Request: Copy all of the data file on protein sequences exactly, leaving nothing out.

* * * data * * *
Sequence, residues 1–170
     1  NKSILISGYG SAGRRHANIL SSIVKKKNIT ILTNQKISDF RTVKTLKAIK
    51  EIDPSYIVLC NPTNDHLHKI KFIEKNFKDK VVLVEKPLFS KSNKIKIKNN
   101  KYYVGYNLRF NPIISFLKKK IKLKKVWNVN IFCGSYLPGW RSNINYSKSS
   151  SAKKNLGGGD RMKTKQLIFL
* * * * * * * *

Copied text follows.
Sequence, residues 1–170
     1  NKSILISGYG SAGRRHANIL SSIVKKKNIT ILTNQKISDF RTVKTLKAIK
    51  EIDPSYIVLC NPTNDHLHKI KFIEKNFKDK VVLVEKPLFS KSNKIKIKNN
   101  KYYVGYNLRF NPIISFLKKK IKLKKVWNVN IFCGSYLPGW RSNINYSKSS
   151  SAKKNLGGGD RMKTKQLIFL